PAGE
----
The quilts of Baltimore-based artist Stephen Towns resemble luminous paintings. In his first museum exhibition "Stephen Towns: Rumination and a Reckoning," the textile work sparkles and shimmers with glass beads, metallic thread, rich colors and translucent tulle. Through 10 quilts on display at the Baltimore Museum of Art (BMA), the visual artist tells the story of the slave rebellion Nat Turner led in August 1831 as well as the deeper story of how slavery and the labor of African-American women shaped America.
The centerpiece of exhibition, which was previewed in the New York Times, is a seven-and-a-half foot tall tapestry that shows a black woman nursing a white infant in front of the first official flag of the United States. The woman's profile is tall, her face bent towards the babe. The piece hangs suspended above a bed of earth piled on the gallery's wood floor, inches above but not touching. Towns calls the piece "Birth of a Nation."
The piece was the very first quilt that Towns worked on, he says in an interview with Los Angeles-based artist Mark Bradford, hosted in early March by the BMA. "I had tried various different ways to create the work, to create the message— the idea that black women have in many ways fed a nation," he says. "They are the very foundation of America. And through painting and drawing it just didn't work. So I decided to do quilting."
Towns' has a BFA in Studio Art from the University of South Carolina. The sensibilities he brings to his oil and acrylic paintings spills over into his textile art. While he says he picked up sewing from his mother and his sisters as a youngster, he actually turned to YouTube to teach himself quilting for this project.
"Quilting was the only way to get it done because it's an old tradition; it's a tradition that African-Americans have used for many years; it's a way of preserving memory through fabric," Towns tells Maura Callahan of Hyperallergic.
According to historian Pearlie Johnson an expert in African-American quilting history, since the 17th century, cultures in Ghana have been practicing strip textile weaving. While in West Africa, traditionally it was the men who were employed as weavers and commercial textile creators, in the United States, "gendered labor division" shifted that role to women on slave plantations.
"Quilt making had an important role in the lives of enslaved African-American women. It is possible that quilt making was one laborious activity that brought them a sense of personal accomplishment. Since then, African women passed... down these aesthetic traditions from one generation to the next generation of African-American women," Johnson writes in IRAAA+.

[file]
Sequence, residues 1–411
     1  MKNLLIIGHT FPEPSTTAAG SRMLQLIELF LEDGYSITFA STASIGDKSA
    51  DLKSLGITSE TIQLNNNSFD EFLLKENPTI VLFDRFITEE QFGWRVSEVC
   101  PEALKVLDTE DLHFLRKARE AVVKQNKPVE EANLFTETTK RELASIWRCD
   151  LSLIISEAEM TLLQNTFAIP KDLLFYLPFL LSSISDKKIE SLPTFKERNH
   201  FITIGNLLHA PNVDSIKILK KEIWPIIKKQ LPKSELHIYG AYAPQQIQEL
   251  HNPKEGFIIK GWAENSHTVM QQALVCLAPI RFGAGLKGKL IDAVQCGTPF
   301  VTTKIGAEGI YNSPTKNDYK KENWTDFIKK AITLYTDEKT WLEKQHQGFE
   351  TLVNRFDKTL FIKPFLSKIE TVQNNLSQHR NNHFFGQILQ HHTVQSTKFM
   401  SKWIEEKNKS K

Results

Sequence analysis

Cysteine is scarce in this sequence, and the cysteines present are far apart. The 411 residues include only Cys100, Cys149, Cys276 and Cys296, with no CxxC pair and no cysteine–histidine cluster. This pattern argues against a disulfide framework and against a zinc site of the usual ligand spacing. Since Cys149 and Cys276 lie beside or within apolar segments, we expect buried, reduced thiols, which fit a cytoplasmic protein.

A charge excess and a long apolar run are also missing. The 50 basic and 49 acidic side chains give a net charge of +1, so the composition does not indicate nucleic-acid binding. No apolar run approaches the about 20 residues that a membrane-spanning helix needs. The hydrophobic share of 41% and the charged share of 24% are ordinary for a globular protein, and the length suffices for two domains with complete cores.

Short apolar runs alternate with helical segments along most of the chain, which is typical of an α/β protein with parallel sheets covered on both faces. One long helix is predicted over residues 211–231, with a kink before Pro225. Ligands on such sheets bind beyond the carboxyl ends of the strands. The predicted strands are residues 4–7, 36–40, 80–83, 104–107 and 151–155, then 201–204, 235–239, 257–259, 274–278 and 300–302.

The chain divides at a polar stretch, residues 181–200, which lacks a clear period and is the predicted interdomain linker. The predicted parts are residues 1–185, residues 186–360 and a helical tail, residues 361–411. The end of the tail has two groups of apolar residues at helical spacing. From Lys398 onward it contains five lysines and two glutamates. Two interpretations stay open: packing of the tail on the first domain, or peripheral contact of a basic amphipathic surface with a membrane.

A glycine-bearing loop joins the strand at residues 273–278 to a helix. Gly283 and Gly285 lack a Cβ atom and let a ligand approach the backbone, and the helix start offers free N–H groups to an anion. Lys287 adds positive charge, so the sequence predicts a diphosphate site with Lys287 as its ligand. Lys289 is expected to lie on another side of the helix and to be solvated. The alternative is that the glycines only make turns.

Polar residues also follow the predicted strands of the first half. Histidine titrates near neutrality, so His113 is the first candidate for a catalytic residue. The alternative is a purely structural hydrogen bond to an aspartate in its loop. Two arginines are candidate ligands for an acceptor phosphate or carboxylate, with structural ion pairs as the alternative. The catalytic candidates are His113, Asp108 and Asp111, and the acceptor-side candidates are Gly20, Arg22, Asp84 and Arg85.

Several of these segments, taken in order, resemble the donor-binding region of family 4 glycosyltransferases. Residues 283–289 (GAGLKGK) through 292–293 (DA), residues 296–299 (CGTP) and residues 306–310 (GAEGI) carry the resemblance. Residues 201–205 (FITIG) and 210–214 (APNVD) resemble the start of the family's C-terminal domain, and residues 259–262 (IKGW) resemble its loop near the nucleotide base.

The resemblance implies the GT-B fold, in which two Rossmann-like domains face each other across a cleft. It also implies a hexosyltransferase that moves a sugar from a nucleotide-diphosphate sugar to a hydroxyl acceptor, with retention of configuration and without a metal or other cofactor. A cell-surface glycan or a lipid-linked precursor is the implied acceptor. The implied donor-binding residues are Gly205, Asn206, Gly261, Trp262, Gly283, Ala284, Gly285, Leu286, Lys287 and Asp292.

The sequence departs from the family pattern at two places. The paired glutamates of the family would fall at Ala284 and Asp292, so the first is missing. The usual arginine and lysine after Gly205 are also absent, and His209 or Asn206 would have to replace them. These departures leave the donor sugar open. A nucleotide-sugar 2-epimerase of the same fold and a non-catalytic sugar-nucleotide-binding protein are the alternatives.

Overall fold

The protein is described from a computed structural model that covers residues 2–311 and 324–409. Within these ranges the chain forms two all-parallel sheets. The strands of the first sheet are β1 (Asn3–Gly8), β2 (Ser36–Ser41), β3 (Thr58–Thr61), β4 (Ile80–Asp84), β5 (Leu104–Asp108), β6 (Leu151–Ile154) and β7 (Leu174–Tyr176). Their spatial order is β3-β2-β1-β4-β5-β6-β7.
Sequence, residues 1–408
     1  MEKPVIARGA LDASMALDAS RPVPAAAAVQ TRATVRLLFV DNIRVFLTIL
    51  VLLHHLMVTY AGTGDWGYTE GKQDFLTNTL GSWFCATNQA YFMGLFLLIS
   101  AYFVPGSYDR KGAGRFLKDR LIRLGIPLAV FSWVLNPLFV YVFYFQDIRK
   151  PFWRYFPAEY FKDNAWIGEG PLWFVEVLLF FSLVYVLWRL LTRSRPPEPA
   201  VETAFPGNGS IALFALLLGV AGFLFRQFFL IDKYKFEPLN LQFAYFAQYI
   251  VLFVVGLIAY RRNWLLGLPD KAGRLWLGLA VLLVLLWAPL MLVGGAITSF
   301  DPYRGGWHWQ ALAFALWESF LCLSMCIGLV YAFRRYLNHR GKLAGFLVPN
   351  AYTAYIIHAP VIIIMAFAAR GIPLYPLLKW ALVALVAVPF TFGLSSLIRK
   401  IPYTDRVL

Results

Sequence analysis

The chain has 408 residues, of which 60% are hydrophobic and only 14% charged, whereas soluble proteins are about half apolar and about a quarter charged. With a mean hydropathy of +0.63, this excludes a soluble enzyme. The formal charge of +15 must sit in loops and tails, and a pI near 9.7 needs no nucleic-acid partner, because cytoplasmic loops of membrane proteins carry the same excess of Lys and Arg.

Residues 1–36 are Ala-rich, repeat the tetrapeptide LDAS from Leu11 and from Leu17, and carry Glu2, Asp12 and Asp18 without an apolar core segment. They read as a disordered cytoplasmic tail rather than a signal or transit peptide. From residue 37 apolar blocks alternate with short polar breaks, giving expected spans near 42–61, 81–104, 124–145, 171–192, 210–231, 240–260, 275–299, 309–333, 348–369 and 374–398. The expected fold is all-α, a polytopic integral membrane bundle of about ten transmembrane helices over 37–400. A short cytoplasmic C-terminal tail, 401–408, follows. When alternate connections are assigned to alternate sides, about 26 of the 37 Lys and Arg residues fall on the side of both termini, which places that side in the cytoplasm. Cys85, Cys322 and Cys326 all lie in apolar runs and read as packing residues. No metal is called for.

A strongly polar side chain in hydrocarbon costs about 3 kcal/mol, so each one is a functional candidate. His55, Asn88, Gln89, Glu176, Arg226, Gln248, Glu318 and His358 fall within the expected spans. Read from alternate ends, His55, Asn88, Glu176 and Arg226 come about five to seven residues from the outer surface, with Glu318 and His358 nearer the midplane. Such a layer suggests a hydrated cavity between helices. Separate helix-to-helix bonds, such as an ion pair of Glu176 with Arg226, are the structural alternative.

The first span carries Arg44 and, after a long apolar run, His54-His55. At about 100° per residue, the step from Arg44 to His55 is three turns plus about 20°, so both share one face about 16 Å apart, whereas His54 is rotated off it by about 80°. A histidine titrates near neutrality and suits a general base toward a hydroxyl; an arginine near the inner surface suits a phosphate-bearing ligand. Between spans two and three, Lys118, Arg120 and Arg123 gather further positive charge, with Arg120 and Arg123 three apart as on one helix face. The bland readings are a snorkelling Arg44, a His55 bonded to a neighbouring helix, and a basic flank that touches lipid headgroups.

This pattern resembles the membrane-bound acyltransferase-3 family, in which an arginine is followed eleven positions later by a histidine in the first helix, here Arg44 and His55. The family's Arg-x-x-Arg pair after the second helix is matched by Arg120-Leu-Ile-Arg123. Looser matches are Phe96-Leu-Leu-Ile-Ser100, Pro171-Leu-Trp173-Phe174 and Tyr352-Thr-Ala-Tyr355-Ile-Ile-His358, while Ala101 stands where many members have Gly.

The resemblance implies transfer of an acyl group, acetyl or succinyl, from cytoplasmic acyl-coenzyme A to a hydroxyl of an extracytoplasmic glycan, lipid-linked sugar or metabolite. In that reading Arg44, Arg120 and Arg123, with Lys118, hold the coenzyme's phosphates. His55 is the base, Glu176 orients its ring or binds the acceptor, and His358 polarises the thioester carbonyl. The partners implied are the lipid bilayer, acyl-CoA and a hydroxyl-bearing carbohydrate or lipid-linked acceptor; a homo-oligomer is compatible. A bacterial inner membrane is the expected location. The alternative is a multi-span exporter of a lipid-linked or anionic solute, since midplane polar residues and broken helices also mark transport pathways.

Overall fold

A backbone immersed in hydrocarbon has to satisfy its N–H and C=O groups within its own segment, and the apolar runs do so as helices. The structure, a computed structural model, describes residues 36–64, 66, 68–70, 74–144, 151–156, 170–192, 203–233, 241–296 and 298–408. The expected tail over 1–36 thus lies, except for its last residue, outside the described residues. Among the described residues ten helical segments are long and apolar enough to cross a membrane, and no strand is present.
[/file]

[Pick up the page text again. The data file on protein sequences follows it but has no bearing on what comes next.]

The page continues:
The familial connection to the women of Towns' family is manifested literally in "Birth of a Nation": The background flag's white stripes are cotton once worn by his mother, Patricia Towns, reports Mary Carole McCauley for The Baltimore Sun. The woman's headwrap and shirt are a pattern of green, red and blue fabric that Town's late sister, Mabel Ancrum, wore.
Towns recalls how his sister would clean wealthy people's offices and homes when he was young. He says the lack of respect she encountered made a deep impression on her. "Mabel would talk about the level of uncomfortableness she felt in that situation," he tells McCauley. "'Why do they treat me that way,' she would say, 'when my great-grandmother fed their grandfather?'"
Other pieces in the exhibition depict events in the story of Nat Turner, who led a bloody rebellion of free and enslaved black people in 1831. Turner saw a solar eclipse in February of that year and took it as a sign from God. “And about this time I had a vision—and I saw white spirits and black spirits engaged in battle, and the sun was darkened,” Turner wrote in The Confessions of Nat Turner. Lauren LaRocca for Baltimore magazine notes that the sun, the moon and stars feature prominently in Towns' series inspired by Turner. In the piece "The Prophet," Turner's head is haloed by the sun, much like the moon during a solar eclipse.
For a previous exhibition at Goucher College, Towns painted portraits of formerly enslaved African-Americans who were hung after the Nat Turner rebellion. But when a female African-American security guard was offended by the paintings of men with nooses around their necks, McCauley reports that Towns voluntarily took down the work to respect her experience. He returned to the subject of the rebellion through quilting, using the medium to consciously engage in the narrative and craft of black women.
His work is personal, though none more so than "Birth of a Nation." As Towns tells McCauley, he made that quilt specifically as a tribute to his sister Mabel.
Stephen Towns: Rumination and a Reckoning is on display at the Baltimore Museum of Art now through September 2, 2018. Admission to the museum and the exhibition is free.